in /pentest/password/crunch run it with a --help to see the options. It will ask for a minimum length, maximum
length, character set etc.
# cd /pentest/password
# crunch 1 8 abcdefghijklmnopqrstuvwxyz0123456789
# crunch 1 8 abcdefghijklmnopqrstuvwxyzABCDEFGHIJKLMNOPQRSTUVWXYZ0123456789
the character set can be whatever you want.
The optional fourth parameter allows you specific a pattern. For example if you know that the last 2
characters of a 8 character password are 99 you can do:
# crunch 8 8 abcdefghijklmnopqrstuvwxyzABCDEFGHIJKLMNOPQRSTUVWXYZ0123456789 -t
The @ characters will change while the 99 remains constant.
The optional fifth parameter allows you to specify a starting string. This is useful if you have to stop in the
middle a generation. Just do:
# tail output.txt
to see where the file left off and use -s start one character higher. For example:
# crunch 8 8 abcdefghijklmnopqrstuvwxyzABCDEFGHIJKLMNOPQRSTUVWXYZ0123456789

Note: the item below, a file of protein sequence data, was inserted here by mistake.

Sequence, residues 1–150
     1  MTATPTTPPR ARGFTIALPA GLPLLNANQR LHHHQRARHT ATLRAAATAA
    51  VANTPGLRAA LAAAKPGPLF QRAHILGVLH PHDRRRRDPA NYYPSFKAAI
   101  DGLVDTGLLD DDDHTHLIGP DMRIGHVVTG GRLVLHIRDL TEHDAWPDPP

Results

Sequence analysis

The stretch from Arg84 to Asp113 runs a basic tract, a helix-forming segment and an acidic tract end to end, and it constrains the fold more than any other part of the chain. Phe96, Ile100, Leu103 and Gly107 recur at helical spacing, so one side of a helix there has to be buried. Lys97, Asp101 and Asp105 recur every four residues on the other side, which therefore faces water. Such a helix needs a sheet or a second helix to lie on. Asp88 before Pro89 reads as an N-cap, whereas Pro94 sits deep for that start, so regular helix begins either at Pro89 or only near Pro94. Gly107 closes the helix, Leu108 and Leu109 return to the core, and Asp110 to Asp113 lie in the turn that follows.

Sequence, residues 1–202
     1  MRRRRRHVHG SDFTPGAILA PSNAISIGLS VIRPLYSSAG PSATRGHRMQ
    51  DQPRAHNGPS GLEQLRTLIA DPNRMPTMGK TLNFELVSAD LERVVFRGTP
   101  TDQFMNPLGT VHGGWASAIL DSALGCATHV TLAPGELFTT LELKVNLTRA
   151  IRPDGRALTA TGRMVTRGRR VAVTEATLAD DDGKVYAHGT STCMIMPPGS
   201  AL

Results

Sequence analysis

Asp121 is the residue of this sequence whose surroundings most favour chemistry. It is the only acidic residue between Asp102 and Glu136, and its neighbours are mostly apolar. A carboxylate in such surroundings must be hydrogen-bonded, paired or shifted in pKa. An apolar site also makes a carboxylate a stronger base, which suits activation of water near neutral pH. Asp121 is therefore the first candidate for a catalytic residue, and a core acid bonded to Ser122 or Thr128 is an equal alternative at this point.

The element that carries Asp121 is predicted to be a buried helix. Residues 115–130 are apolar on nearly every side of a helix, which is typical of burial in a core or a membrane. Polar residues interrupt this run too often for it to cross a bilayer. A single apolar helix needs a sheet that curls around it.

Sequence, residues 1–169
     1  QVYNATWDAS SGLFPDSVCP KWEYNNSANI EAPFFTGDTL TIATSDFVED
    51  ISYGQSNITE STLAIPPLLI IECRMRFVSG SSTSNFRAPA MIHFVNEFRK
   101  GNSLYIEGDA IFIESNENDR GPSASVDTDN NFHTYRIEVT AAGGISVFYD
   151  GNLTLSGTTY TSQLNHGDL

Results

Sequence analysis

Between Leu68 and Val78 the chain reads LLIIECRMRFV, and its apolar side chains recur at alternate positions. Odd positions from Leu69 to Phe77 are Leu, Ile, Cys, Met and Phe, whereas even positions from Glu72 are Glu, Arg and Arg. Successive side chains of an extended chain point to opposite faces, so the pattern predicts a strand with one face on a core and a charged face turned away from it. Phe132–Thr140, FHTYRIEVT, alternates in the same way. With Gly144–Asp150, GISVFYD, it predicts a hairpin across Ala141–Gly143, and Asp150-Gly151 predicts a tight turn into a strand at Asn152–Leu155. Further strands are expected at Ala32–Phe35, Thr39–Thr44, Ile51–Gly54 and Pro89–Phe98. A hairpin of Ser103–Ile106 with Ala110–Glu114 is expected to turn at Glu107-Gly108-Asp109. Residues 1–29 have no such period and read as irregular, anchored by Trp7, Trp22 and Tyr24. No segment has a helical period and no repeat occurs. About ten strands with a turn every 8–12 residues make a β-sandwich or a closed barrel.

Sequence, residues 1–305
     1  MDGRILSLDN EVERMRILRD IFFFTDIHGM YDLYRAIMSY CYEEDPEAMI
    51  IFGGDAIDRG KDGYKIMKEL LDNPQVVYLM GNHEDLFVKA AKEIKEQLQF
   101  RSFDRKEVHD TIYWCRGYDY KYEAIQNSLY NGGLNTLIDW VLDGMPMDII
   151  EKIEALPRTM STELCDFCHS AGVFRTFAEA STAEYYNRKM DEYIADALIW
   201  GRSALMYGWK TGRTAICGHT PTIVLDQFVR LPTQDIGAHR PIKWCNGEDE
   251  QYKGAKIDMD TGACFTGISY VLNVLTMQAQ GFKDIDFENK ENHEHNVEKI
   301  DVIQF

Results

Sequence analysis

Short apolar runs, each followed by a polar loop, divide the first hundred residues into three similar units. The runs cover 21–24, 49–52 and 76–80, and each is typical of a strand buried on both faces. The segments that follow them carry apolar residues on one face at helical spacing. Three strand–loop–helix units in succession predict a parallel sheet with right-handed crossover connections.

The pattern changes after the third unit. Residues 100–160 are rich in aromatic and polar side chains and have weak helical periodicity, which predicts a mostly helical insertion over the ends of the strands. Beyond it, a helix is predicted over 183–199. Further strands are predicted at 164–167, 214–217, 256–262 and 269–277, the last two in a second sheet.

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Press Ctrl-C
# crunch 8 8 abcdefghijklmnopqrstuvwxyzABCDEFGHIJKLMNOPQRSTUVWXYZ0123456789 -s
Use >output.txt to redirect the output from the screen to a file named output.txt
10.4 Generate a wordlist from a textfile or website
Sometimes users use words from their employeer's website. Their password could be the companies name or
the name of the flagship product. I will show you how to download the website and convert it into a wordlist.
These instructions are basically a text version of Pureh@te's flash video from I
had to update my flash player so the video wasn't choppy. To update the flashplayer in BT4 do:
# apt-get remove flashplugin-nonfree
# wget &&
tar xzf install_flash_player_10_linux.tar.gz && mkdir ~/.mozilla/plugins && mv ~/.mozilla
1. boot BackTrack and login as root
2. # mkdir /target
3. # cd /target
# wget -r
wget -r will recursively download a website
5. # cd /pentest/password/wyl
6. # perl -n -o - possiblepasswords.txt -/target
7. # cd /root
8. # cat possiblepasswords.txt
You now have a large unsorted file containing duplicate words. You will have to sort and uniq the file before
it is of any value. See section 15.7 on how to use sort and uniq.
10.5 Using premade wordlists
Xploitz and pureh@te have released their wordlists. The first two are torrents; the rest can be downloaded
from the URL.
pureh@te's wordlist -
Xploitz's first wordlist -
Xploitz's second wordlist part 1 -
Xploitz's second wordlist part 2 -